“She’s explained what to expect. All the girls have been lovely and really welcoming since the very start.”
Having previously worked and lived in Australia, Bonner and her husband Paul believed, right up until last September anyway, that their Aussie adventures were now behind them.
When the offer of a professional sports contract did eventually land on the Bonner household’s table for Yvonne, the pair had a huge decision to make.
“I haven’t had to deal with the move and transition thankfully as I’m so familiar with Sydney,” she said. “Paul, my husband, has a lot of friends and relations over here too so it was a really nice fit.
“We came out just after Christmas. He’s working away so it’s really good. We’re very lucky.
“When the message came though (that I’d been selected), myself and Paul talked and asked ourselves were we keen to come back out here again as we’d experienced it before. When the chance came about we decided to go for it.
“These kinds of opportunities don’t come around too often. I remember when we first came out a few years back and watching the sport on the TV; little did I think I’d be doing it myself someday.
“I was watching it and one of the promos on the show was that season’s biggest hits! I thought it was crazy. I remember saying to Paul ‘I’d never be fit to play that there!’
“So it is funny how it’s all worked out. It’s going good and I’m just excited now to get stuck into Round 1.”
Bonner impressed in the Giants’ 47-point pre-season win over the Lions, with the club’s website labelling her “pace, contested marking and set shot goal highlights of her AFLW debut.”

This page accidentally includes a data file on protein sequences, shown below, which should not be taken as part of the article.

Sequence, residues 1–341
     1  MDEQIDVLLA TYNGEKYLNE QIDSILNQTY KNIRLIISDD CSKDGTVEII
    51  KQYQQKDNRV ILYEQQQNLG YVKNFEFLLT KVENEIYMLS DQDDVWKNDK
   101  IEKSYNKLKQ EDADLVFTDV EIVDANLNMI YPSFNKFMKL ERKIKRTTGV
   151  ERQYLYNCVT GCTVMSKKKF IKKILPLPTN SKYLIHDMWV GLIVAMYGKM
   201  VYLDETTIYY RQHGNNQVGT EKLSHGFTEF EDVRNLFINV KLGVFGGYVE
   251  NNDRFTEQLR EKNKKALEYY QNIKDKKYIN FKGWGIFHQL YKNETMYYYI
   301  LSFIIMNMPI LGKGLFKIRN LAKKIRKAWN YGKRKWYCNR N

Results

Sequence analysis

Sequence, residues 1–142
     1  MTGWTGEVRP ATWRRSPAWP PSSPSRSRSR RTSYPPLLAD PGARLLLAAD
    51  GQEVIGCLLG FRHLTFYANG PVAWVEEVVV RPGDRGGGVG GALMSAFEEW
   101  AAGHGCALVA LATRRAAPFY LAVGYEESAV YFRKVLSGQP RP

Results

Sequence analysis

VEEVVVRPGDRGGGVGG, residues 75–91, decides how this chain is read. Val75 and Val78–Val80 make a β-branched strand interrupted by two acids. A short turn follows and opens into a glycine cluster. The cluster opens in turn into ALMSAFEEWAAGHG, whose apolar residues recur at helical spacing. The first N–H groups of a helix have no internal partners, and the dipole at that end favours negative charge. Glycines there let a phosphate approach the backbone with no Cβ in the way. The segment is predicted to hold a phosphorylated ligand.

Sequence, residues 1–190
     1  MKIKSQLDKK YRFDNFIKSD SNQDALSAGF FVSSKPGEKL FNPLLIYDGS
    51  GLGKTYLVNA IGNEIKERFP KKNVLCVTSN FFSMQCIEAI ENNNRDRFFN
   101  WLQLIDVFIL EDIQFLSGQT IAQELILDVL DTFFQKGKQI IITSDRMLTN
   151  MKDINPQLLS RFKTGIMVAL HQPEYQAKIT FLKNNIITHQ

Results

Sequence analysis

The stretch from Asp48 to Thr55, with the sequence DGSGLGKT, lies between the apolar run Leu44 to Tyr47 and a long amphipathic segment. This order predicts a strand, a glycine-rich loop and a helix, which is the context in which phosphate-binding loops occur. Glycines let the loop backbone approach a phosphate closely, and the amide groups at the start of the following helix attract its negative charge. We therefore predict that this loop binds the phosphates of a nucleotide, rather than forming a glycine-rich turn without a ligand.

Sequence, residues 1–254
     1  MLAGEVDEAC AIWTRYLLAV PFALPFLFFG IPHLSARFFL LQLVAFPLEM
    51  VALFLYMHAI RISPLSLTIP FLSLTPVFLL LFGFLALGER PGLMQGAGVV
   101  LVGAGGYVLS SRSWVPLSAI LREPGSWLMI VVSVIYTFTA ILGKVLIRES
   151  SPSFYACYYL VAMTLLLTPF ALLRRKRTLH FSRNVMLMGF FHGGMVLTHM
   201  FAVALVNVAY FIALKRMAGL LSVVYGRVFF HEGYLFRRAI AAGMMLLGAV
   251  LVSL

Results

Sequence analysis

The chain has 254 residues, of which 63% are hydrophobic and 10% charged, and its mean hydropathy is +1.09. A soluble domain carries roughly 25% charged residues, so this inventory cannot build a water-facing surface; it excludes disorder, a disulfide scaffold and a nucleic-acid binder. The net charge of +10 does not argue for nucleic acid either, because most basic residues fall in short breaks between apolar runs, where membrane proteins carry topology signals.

“The practice match last week went well,” she said. “We played Brisbane in a pre-match. We won 75-28. But they used a lot of fringe girls so we know things will be a lot different at the weekend. I managed to get a goal and a behind. That was nice.”
There has been huge interest in her code switch in sports pages both home and abroad. And given the large Irish diaspora in Sydney, she’s already seeing plenty of familiar faces along the perimeter at training and open days.
She explained: “If I was sitting at home I’d be interested and fascinated to see how Irish people make that transition too. I was last year when Cora came out. Yeah, people are great and have been asking me about it and wishing me well.
“So many turned up for the Brisbane game. There is a big Irish contingent out here and they are all really interested in us. It’s a great opportunity for any Irish girl to have a crack at it.”
Donegal fans worried or concerned that Bonner won’t be available for the defence of the Tir Chonaill ladies’ Ulster SFC crown needn’t fret. Even if the Giants do go all the way to the Grand Final, she’ll still be back in time for the latter rounds of the NFL.
“We go until the middle of March,” she continued. “The season will go until the end of that month if we make the semi-finals or final. It’s not bad. I’d end up missing a few Donegal games, most of the league maybe. But I’ll be right back for championship.
“The conditions are testing out here for sport but it’s all good. I’ll hopefully come back in good shape and that’s the main thing. That will allow me to hopefully slip back into things with Donegal without too much fuss.”